Kintzler and Madson, interviewed separately, said the same thing: If they and their fellow relievers are mechanically sound, working so often doesn’t tax the body. But mechanics are a work in progress, something everyone wrestles constantly, and when they are out of whack, overuse taxes more than just the arm.

Madson describes the tired feeling as “sticky,” a word he explained as Gio Gonzalez chuckled at the lingo at a locker nearby. When he is sticky, he knows he needs to rest.

“Sticky is a good word. Sticky — where it doesn’t feel loose and free,” Madson said. ” If you pull on a rubber band for four or five days in a row, pretty soon that rubber band is going to have cracks in it. You need a little extra olive oil in it or something — or a day off. … But it still doesn’t feel good [to sit out] when it doesn’t go our way. If I ask for a day and it didn’t go good, I don’t feel good. It’s a tricky thing.”

Madson said he would encourage younger pitchers who are fully healthy to take the ball at any turn. His mind-set comes from his time with the Phillies under Manager Charlie Manuel — who Madson called “the best manager ever” — but who was not as understanding about needing days off. One day, Madson told his manager he needed a day off. He was sticky. The next day, Manuel asked him if his vacation was over yet.

“I was like ‘oof, gosh.’ That was the first time I ever asked for a day off. So it kind of bit me a little bit. I didn’t want to do it for a while after that,” Madson said. “But now, I think they trust me that if I say I need a day, I need a day.”

Solis isn’t exactly a young pitcher, he is far less experienced than Kintzler or Madson, but said he has already learned the importance of asking for days when he needs them. He is pushing himself this spring, and could need more than Thursday’s scheduled day off to recover. He said he’s found Martinez more than open to his feelings about when he can pitch and when he can’t. Martinez is well aware of Solis’s history with Tommy John surgery and nerve trouble in his throwing elbow.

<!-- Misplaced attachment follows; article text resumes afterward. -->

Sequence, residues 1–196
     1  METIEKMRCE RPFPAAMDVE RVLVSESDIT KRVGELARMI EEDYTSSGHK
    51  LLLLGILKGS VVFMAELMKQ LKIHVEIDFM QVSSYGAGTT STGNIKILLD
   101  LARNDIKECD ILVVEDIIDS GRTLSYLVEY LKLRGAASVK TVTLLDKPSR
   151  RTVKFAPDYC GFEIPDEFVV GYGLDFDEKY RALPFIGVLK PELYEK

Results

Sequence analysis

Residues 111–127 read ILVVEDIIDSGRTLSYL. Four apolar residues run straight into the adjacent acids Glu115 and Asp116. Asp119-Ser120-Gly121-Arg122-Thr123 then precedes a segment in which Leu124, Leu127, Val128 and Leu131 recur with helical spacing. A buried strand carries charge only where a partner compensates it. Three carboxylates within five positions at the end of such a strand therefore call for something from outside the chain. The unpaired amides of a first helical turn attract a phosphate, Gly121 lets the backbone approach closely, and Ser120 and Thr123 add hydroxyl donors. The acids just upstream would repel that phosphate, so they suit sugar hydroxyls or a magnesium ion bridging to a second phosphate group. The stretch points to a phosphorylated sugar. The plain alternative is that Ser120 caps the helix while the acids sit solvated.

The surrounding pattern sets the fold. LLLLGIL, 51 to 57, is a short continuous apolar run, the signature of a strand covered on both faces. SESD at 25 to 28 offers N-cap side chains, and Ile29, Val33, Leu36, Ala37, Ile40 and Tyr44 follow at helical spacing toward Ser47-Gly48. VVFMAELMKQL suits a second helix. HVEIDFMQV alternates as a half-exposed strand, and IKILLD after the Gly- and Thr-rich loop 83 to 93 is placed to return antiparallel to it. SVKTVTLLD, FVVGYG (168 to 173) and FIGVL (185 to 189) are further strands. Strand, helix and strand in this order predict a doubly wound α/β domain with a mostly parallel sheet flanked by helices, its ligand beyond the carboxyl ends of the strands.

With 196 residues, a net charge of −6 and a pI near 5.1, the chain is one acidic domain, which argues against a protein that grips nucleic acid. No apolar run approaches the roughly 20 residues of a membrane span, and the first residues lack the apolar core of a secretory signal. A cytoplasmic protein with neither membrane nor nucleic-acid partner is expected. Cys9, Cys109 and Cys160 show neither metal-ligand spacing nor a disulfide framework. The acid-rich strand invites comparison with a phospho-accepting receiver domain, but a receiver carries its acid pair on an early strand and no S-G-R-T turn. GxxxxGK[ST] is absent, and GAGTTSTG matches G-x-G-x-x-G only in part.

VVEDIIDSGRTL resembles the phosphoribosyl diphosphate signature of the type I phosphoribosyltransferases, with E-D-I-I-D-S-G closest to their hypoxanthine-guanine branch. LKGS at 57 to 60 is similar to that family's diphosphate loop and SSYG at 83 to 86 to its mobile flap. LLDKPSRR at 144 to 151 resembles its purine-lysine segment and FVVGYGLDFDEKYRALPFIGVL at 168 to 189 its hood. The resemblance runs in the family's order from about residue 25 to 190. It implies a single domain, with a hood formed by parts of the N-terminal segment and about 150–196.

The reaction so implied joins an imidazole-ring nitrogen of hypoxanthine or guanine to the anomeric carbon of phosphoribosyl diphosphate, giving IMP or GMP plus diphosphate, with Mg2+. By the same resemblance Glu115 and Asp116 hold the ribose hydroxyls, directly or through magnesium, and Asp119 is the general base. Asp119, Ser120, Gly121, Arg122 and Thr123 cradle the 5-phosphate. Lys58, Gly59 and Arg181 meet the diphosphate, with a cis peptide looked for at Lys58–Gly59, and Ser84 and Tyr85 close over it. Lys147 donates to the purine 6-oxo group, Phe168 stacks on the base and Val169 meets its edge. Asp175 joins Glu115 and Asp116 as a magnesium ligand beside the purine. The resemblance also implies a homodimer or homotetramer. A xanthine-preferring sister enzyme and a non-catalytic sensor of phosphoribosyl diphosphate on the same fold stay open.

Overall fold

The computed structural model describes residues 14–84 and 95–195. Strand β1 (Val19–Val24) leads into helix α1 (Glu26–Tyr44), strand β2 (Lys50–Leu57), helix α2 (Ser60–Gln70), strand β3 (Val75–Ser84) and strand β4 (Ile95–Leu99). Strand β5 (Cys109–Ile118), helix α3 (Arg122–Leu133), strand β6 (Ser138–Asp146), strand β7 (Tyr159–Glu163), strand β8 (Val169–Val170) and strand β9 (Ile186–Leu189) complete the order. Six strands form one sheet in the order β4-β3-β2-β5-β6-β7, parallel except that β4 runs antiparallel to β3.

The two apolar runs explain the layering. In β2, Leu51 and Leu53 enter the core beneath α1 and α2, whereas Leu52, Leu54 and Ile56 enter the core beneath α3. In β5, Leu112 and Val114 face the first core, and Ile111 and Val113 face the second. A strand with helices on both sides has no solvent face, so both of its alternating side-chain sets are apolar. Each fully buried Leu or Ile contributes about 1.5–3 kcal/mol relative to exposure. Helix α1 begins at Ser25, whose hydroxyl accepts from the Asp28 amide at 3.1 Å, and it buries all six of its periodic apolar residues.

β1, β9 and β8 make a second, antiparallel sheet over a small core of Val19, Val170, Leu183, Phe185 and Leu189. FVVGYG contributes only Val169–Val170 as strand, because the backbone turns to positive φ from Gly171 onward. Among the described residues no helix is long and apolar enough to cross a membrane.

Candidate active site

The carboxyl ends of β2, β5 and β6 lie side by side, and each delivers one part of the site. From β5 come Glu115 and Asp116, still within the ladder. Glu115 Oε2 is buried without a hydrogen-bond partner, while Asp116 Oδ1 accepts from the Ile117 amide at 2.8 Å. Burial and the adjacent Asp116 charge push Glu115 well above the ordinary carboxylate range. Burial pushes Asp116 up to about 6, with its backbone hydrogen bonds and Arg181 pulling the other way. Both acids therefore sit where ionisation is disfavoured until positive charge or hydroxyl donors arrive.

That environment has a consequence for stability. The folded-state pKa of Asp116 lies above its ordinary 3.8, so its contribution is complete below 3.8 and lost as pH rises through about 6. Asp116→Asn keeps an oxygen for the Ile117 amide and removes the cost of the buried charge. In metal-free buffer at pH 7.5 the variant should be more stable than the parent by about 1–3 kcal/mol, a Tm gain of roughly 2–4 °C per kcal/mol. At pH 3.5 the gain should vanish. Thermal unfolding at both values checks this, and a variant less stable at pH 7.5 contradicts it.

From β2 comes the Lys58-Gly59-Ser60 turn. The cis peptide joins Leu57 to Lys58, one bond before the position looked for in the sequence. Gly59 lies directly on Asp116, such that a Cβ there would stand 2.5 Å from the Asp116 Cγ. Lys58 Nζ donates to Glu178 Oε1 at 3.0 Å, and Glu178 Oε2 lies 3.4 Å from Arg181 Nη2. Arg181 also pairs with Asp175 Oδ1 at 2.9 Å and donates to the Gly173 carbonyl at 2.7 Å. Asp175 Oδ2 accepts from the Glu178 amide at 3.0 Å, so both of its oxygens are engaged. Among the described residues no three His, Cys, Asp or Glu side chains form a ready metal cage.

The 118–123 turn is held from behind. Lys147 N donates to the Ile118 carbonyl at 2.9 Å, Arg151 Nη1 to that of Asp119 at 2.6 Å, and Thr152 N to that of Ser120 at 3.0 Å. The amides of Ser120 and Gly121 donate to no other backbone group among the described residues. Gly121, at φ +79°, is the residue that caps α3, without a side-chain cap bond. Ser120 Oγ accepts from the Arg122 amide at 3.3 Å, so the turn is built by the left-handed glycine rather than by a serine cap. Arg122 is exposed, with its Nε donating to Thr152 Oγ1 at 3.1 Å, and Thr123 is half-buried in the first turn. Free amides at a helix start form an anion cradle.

“The worst thing you can do is push through something and end up on the DL. Especially in my case, that’s happened before,” Solis said. “I’ve been in pain almost and I’ve said I’m going to keep throwing and throwing and throwing. Then it becomes a much bigger issue. For me, I’m trying to communicate with them as much as possible.”

Communication is the buzzword with this bullpen, though it doesn’t always ensure that everyone feels comfortable. Sometimes workload just can’t be helped. Sometimes, as Sean Doolittle explained Tuesday night, more frequent work actually fosters rhythm instead of fatigue. But because this is baseball, and because relievers have ample time to sit and analyze their unorthodox baseball lives, workload is a constant topic of conversation — even if conversation yields no easy solutions.

“I feel like that’s what it’s been since we got traded over. It’s funny. We’re out there laughing like, ‘just another knee-slapper.’ Every game is 3-1 or 3-2,” Kintzler said. “But that’s why we’re here. Obviously, you’d like to take your breaks, but we have to get back and win some games. So if that’s what we need to do to win games, we have to suck it up and pitch.”